On VD restaurants can change their menus and approach, particularly if the place is flooded with those with outsize expectations of what a dinner out is supposed to deliver; they may get excessively angry with what are perceived as sleights and change the feelings of a place-- or tax the emotional resources of even the most excellent of servers.

                                                                                        But really, with all the hassle of finding a place and assuring a pleasant evening out on VD, I can think of many other days out of the year when I would venture out. I can think of other things to do and eat, I suppose, rather than join the desperate folks (not you) who throng in the restaurants, desperate for the one magical, romantic, culinary experience---- until NYE, that is.

                                                                                        1. Ok, I don't know if anyone has already suggested this. Start early and get a caterer to do your cooking and eat at home. There's one in Daytona Beach called Chef Papa's who recently circulated a catering menu just for Valentine's Day with lots of chocolate items!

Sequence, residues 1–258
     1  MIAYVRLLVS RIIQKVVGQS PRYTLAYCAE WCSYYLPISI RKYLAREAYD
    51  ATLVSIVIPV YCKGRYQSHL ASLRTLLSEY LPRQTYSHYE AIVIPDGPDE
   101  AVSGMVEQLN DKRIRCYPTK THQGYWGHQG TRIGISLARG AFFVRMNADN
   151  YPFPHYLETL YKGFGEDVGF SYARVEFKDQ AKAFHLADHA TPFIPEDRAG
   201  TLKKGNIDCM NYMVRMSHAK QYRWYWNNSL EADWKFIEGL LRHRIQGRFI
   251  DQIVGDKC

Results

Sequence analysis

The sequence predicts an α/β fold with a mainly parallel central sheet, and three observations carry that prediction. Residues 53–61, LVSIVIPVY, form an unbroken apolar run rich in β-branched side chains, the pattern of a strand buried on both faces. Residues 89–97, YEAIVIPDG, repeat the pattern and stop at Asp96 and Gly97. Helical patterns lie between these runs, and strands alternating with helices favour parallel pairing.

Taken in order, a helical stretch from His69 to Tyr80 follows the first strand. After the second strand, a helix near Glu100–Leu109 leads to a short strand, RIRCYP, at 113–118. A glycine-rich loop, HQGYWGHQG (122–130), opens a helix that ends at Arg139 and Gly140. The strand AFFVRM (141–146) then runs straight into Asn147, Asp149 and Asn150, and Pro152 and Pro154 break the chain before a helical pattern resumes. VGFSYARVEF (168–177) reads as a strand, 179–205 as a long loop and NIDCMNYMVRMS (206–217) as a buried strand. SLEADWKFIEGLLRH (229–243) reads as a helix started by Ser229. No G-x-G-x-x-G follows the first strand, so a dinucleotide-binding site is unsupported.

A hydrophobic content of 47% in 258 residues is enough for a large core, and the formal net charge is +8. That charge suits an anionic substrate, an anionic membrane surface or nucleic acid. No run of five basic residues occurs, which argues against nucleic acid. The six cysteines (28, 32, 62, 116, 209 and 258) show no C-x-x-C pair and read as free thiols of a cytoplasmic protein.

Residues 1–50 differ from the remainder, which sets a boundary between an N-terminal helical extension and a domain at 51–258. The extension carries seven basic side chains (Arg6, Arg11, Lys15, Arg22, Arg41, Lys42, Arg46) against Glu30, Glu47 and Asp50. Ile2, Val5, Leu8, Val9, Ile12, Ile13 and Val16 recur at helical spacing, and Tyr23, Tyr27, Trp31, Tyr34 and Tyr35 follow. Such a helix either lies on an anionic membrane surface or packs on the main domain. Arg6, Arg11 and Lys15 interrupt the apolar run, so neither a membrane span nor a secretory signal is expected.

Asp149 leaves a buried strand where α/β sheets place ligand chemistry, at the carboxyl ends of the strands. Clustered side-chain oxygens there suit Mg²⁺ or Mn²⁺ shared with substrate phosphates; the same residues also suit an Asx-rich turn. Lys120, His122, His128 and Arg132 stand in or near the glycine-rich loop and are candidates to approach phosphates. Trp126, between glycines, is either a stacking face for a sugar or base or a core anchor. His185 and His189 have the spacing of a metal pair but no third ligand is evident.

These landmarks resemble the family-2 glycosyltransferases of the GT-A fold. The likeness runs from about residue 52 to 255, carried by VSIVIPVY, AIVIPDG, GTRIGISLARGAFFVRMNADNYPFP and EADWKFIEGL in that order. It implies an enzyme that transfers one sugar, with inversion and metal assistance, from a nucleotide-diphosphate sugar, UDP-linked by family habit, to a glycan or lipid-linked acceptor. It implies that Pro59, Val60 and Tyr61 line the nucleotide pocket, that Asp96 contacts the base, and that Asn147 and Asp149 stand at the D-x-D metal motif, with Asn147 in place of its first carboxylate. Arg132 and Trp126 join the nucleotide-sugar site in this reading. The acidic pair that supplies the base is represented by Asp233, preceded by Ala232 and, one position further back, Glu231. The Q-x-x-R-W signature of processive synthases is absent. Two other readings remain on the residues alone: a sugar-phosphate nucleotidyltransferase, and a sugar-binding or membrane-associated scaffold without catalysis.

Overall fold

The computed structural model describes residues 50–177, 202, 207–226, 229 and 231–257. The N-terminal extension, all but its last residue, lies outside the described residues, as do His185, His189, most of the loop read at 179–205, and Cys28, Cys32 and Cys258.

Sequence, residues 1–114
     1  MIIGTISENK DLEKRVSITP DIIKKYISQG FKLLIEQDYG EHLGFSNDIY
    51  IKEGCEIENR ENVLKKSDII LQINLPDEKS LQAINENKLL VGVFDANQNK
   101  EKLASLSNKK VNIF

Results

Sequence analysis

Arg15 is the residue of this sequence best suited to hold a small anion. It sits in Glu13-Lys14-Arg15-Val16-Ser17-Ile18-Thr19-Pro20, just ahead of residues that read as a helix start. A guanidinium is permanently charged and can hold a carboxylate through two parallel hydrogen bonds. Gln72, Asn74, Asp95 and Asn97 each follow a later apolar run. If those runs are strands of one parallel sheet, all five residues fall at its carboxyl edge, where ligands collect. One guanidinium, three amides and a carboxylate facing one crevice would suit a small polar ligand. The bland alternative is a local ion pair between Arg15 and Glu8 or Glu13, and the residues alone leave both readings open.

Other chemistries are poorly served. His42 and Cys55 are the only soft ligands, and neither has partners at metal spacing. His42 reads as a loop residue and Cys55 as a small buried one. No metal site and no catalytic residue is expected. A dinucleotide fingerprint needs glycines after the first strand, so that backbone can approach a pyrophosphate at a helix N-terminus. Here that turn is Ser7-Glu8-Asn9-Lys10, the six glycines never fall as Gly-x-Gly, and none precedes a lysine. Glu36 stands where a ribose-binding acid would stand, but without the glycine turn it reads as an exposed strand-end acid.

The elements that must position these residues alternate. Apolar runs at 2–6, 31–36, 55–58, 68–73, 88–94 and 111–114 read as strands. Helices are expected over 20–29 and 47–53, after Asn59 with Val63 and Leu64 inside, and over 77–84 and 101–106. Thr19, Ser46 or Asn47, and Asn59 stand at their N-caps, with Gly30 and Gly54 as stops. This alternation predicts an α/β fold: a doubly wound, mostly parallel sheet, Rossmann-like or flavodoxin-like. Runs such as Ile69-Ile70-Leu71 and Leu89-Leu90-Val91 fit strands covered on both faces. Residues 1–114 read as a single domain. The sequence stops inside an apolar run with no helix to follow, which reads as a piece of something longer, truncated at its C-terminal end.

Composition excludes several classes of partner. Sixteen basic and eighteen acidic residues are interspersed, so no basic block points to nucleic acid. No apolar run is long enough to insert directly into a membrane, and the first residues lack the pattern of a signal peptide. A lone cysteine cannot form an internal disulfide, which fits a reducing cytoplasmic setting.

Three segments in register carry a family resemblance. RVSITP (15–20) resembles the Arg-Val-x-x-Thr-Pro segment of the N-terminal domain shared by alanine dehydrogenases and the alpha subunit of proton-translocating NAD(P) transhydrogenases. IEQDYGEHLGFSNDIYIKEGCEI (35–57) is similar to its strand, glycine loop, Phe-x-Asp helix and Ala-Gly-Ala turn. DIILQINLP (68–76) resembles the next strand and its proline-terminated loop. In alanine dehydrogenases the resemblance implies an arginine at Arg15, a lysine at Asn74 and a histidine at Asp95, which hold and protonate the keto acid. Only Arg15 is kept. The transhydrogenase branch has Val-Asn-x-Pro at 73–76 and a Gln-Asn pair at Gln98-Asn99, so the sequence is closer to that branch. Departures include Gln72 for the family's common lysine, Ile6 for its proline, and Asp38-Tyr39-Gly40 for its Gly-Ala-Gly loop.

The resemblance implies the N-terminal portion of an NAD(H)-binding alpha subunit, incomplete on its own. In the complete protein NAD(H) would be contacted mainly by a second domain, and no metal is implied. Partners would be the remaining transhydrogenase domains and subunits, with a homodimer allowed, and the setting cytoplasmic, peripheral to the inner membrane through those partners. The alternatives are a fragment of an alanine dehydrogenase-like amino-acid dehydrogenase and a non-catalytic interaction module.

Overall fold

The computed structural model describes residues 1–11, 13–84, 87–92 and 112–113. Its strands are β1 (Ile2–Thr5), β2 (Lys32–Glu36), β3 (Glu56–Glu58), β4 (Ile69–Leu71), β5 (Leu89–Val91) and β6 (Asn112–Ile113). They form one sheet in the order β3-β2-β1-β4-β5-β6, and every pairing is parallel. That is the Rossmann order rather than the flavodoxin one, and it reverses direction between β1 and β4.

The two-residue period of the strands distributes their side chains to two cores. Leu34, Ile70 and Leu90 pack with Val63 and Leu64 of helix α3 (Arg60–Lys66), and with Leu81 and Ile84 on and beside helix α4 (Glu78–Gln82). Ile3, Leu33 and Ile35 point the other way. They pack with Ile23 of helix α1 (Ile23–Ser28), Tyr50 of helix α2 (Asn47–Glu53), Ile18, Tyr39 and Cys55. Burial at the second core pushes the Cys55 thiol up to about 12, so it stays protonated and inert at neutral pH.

1. My husband and I aren't romantic types, at least as far as dates on a calendar are concerned (we've both forgotten our wedding anniversary a number of times, for instance). One year, we went to a local pub for a hamburger, but were surprised to realize that it was V.D., and there was a huge crowd and a "special" menu. I think that it was filet mignon and shrimp cocktail or something, and they had candles on the tables,one glass of complementary champagne, and each "lady" got a single rose. It was corny as hell, and you know what? It was great fun. I guess it was mostly because we had no expectations, but Valentine's Day IS a really cheesy holiday, and sometimes it's best to embrace the cheese.